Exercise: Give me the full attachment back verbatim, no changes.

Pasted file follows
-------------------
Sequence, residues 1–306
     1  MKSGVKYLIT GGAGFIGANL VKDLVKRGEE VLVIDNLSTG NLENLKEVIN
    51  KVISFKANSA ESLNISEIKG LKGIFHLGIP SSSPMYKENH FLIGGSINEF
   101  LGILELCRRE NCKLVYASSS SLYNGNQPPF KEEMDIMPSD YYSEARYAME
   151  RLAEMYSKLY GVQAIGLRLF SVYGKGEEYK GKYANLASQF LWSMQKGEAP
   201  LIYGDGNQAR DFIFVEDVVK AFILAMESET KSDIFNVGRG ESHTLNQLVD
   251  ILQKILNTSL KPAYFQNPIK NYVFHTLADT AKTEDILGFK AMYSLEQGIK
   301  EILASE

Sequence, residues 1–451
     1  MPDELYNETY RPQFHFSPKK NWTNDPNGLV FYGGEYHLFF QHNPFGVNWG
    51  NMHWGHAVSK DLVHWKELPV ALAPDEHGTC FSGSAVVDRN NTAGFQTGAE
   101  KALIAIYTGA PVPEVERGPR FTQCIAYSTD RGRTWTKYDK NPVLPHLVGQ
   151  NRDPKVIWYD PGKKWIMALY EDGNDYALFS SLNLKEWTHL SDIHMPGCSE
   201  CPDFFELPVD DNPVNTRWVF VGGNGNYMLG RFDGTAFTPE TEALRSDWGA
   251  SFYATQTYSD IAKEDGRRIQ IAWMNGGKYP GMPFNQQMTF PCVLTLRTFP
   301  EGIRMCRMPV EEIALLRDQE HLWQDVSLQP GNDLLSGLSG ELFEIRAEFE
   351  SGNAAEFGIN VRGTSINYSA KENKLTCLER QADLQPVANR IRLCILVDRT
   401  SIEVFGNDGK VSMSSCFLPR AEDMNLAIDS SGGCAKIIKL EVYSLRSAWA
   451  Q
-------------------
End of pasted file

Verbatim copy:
Sequence, residues 1–306
     1  MKSGVKYLIT GGAGFIGANL VKDLVKRGEE VLVIDNLSTG NLENLKEVIN
    51  KVISFKANSA ESLNISEIKG LKGIFHLGIP SSSPMYKENH FLIGGSINEF
   101  LGILELCRRE NCKLVYASSS SLYNGNQPPF KEEMDIMPSD YYSEARYAME
   151  RLAEMYSKLY GVQAIGLRLF SVYGKGEEYK GKYANLASQF LWSMQKGEAP
   201  LIYGDGNQAR DFIFVEDVVK AFILAMESET KSDIFNVGRG ESHTLNQLVD
   251  ILQKILNTSL KPAYFQNPIK NYVFHTLADT AKTEDILGFK AMYSLEQGIK
   301  EILASE

Sequence, residues 1–451
     1  MPDELYNETY RPQFHFSPKK NWTNDPNGLV FYGGEYHLFF QHNPFGVNWG
    51  NMHWGHAVSK DLVHWKELPV ALAPDEHGTC FSGSAVVDRN NTAGFQTGAE
   101  KALIAIYTGA PVPEVERGPR FTQCIAYSTD RGRTWTKYDK NPVLPHLVGQ
   151  NRDPKVIWYD PGKKWIMALY EDGNDYALFS SLNLKEWTHL SDIHMPGCSE
   201  CPDFFELPVD DNPVNTRWVF VGGNGNYMLG RFDGTAFTPE TEALRSDWGA
   251  SFYATQTYSD IAKEDGRRIQ IAWMNGGKYP GMPFNQQMTF PCVLTLRTFP
   301  EGIRMCRMPV EEIALLRDQE HLWQDVSLQP GNDLLSGLSG ELFEIRAEFE
   351  SGNAAEFGIN VRGTSINYSA KENKLTCLER QADLQPVANR IRLCILVDRT
   401  SIEVFGNDGK VSMSSCFLPR AEDMNLAIDS SGGCAKIIKL EVYSLRSAWA
   451  Q